A study of the powder processing, tribological performance and metallurgy of Aluminium-based, discontinuously reinforced metal matrix composites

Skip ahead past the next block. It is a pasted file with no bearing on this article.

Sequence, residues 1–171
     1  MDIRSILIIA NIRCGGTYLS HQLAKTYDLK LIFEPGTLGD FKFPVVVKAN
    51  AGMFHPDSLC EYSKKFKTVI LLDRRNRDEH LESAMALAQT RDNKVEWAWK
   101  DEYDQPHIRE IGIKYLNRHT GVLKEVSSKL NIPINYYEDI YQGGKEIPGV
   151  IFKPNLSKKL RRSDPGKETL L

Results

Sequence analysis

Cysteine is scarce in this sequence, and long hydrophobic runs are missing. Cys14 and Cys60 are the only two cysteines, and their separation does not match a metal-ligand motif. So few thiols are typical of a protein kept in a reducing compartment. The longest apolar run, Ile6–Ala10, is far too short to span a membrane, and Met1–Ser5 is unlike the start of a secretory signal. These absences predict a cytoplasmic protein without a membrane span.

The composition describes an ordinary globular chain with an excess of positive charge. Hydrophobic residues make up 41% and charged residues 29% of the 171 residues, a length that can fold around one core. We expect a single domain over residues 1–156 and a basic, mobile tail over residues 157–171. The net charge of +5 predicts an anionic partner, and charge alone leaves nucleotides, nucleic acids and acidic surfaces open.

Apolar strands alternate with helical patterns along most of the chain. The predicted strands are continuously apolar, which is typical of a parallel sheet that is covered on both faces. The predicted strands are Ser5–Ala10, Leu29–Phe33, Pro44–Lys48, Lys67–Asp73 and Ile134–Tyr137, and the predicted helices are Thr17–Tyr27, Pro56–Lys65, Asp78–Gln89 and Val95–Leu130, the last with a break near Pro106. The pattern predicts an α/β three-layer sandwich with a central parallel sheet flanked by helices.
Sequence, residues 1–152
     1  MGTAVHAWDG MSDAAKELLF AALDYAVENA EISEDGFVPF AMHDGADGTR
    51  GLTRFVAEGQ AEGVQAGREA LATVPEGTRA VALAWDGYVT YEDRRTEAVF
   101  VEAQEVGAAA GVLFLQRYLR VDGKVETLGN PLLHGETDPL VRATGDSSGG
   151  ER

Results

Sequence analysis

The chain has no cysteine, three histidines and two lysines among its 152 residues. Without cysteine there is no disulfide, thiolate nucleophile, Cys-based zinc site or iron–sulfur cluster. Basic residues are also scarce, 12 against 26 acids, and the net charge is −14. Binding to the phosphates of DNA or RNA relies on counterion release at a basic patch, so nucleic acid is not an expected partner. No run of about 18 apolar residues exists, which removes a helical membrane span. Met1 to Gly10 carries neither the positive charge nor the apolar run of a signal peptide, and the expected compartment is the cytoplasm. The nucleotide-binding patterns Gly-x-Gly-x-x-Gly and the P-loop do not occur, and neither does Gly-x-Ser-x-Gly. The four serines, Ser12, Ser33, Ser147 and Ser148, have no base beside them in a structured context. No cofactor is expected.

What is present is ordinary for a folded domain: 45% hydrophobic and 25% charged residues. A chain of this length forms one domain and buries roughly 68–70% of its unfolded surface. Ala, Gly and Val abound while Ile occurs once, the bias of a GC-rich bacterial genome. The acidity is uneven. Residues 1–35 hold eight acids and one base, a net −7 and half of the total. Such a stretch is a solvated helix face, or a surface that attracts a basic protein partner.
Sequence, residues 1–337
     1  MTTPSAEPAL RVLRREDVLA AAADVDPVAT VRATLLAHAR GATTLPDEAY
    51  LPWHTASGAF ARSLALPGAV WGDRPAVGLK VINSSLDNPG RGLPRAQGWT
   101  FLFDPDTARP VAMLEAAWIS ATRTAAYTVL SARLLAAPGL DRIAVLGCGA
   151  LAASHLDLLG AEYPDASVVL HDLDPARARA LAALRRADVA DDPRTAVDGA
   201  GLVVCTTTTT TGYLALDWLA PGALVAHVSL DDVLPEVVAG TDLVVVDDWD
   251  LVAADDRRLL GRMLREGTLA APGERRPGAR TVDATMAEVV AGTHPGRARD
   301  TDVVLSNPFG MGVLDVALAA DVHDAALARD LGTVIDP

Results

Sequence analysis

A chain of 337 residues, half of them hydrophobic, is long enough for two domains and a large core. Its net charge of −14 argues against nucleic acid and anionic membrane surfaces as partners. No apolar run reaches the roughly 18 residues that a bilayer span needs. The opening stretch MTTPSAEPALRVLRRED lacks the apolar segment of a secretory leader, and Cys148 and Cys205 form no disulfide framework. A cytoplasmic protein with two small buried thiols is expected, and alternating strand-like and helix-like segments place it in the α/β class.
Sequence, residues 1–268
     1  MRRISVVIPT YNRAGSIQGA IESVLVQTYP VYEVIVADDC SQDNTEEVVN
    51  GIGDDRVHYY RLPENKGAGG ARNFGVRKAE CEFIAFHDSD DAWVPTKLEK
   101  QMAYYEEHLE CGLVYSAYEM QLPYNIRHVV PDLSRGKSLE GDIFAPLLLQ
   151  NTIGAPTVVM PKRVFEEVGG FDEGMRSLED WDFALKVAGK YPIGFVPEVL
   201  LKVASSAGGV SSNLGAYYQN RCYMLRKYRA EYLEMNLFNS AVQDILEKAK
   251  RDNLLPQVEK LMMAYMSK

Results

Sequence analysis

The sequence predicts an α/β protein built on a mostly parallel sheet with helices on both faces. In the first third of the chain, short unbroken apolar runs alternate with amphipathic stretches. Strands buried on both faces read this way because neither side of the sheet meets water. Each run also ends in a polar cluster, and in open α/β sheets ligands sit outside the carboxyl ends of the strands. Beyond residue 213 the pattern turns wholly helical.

The principal objectives of the research reported in this thesis are: to determine the effect that sinter time has on the metallurgical behaviour of alumina-reinforced aluminium-606lmatrix composites; compare and assess the wear resistance of alumina and silicon carbide reinforced aluminium 6061-matrix composites, together with monolithic aluminium 6061 alloy; determine the effect that reinforcement particle size has on the wear resistance of aluminium 6061-matrix composites; identify the relative merits of two techniques for depositing copper coatings on to alumina reinforcements. Through investigation, a successful method of processing silicon carbide and alumina particulate-reinforced AA6061 composites, fabricated by cold uniaxial pressing with vacuum sintering, has been determined. The processing route is as follows: pressing at 400 MPa; vacuum sinter at 600°C for 30 minutes; solution heat treat for 30 minutes at 530°C then water quench; precipitation (ageing) heat treat for 7 hours at I 75°C, then air cool. Metallurgical examination of composites revealed that magnesium was found to collect at interface regions around alumina particulates, resulting in the depletion of magnesium from the aluminium 6061 matrix. The severe depletion of magnesium from the AA6061 matrix when alumina is used as a reinforcement was found to occur during long (greater than 30 minutes) sintering times using a sintering temperature of 600°C. It is postulated that the formation of spinel (MgA12O4) formed from the reaction of magnesium with alumina is a probable cause for the Mg migration. The composites containing alumina particulates were found to have lower hardness values than the monolithic alloy and composites containing silicon carbide, when sintering took place for longer than 30 minutes. Adding 5 wt% silicon to the AA6061 matrix in composites reinforced with alumina particulates was found to reduce the magnesium depletion for sinter times up to one hour at 600°C and give improved composite bulk hardness. During the research, a need for an improved wear testing machine was identified. Therefore a wear test rig, which allows samples of different materials (under different applied loads if required) to be tested simultaneously without interference between test pieces, was designed and commissioned. Two electroless methods for copper coating alumina particulates were also investigated. One method used formaldehyde as the reducing agent, while the other employed hydrazine-hydrate as the reducing agent. The latter method has proven to be quicker, and with improved results, compared to the traditional method using formaldehyde as the reducing agent.